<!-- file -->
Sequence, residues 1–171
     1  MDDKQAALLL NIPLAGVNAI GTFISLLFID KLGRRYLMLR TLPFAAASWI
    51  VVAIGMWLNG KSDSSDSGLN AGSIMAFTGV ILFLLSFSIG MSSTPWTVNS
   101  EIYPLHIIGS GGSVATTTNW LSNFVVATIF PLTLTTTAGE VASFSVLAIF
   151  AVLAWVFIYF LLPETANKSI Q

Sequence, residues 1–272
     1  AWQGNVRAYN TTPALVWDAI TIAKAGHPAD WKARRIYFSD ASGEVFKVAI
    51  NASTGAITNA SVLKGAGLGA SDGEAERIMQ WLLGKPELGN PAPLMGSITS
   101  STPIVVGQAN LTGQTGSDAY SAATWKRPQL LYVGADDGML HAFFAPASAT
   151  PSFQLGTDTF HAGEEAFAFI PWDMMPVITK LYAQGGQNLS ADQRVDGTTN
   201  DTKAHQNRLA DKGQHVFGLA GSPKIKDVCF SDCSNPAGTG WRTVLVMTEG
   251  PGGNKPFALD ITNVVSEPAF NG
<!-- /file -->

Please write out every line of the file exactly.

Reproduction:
Sequence, residues 1–171
     1  MDDKQAALLL NIPLAGVNAI GTFISLLFID KLGRRYLMLR TLPFAAASWI
    51  VVAIGMWLNG KSDSSDSGLN AGSIMAFTGV ILFLLSFSIG MSSTPWTVNS
   101  EIYPLHIIGS GGSVATTTNW LSNFVVATIF PLTLTTTAGE VASFSVLAIF
   151  AVLAWVFIYF LLPETANKSI Q

Sequence, residues 1–272
     1  AWQGNVRAYN TTPALVWDAI TIAKAGHPAD WKARRIYFSD ASGEVFKVAI
    51  NASTGAITNA SVLKGAGLGA SDGEAERIMQ WLLGKPELGN PAPLMGSITS
   101  STPIVVGQAN LTGQTGSDAY SAATWKRPQL LYVGADDGML HAFFAPASAT
   151  PSFQLGTDTF HAGEEAFAFI PWDMMPVITK LYAQGGQNLS ADQRVDGTTN
   201  DTKAHQNRLA DKGQHVFGLA GSPKIKDVCF SDCSNPAGTG WRTVLVMTEG
   251  PGGNKPFALD ITNVVSEPAF NG